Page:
Walking through the forest more slowly than usual
feeling the crunch of every stone beneath my boots
with the weight of everything I required to meet my basic needs resting firmly on the width of my hips
started to expand
reaching for the trees around me.
At first I wondered if I was walking through a gauntlet of gossamer spiderwebs,
but a quick brush of my tingling forearms confirmed that I hadn’t.
that I was feeling gratitude
as though my every pore were reaching out like a gospel singer
toward the woods
The feeling went on for four days, even as we trekked up forty-five degree inclines,
even as the heat of July high noon began to close in around us.
I’ve led two reWILD retreats now, one slow, quiet gathering in which myself and the women present all toed our way closer to the discomfort and freedom of being before doing,
and this one,
each woman with her own unique intention
a desire to find answers to long-held questions in footsteps-on-earth, silence, openness, and wonder.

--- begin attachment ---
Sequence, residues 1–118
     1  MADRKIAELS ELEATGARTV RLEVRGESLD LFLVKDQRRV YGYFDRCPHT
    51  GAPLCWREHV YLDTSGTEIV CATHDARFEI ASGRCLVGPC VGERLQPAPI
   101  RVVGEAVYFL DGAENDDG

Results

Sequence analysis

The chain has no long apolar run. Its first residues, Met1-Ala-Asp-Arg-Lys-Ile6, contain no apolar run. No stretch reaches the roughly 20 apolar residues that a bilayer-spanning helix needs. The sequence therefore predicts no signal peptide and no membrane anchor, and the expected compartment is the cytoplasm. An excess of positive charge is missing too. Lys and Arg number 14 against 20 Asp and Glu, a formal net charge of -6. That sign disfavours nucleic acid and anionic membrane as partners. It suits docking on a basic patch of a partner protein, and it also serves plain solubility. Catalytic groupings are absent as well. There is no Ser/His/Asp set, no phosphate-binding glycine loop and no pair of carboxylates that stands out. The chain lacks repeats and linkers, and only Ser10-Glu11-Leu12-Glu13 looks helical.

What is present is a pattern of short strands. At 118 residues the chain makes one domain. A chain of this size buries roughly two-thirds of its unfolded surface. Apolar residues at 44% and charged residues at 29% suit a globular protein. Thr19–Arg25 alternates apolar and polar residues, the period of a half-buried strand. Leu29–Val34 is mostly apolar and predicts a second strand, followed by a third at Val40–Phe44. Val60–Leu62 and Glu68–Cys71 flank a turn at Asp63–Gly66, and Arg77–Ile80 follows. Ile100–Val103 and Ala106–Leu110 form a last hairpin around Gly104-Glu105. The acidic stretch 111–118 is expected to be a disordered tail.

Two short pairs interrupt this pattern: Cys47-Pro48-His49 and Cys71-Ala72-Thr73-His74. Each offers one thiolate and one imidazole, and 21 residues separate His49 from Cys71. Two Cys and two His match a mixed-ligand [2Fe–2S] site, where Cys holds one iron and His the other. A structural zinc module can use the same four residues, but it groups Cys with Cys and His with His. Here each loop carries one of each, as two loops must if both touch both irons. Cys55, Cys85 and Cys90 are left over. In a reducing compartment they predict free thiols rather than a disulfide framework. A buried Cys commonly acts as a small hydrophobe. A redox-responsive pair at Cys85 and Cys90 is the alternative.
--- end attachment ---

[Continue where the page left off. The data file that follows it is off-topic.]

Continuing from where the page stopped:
I’ve become wise enough to let Mother Earth and the force of women gathering take the lead
(holding little agenda other than safety, the promise of space held and good food)
in doing so,
have been just as transformed by the magic of the experience as the women themselves.
What lingers most for me
after I and the women whose lives and hearts I’ve kept close for a few short but intense days part ways
is the way we held our needs sacred with a simple mantra
– ask for what you need; offer what you can –
and how, once given permission to ask
and the surety of being well-met
that mantra became the air that moved around us; a group culture with a life of its own
that began to re-weave each woman’s self-trust.
And though the trail had different lessons for each of us,
what every woman (including me) experienced
an unshakeable connection
with the strength and ability of her own body and the spirit that quickens inside it
with her place in the arms of Mother Earth: a sense of belonging and safe haven that is both feet-on-earth and hair standing-on-end
blurring the lines between
what is Her
and what is Wild.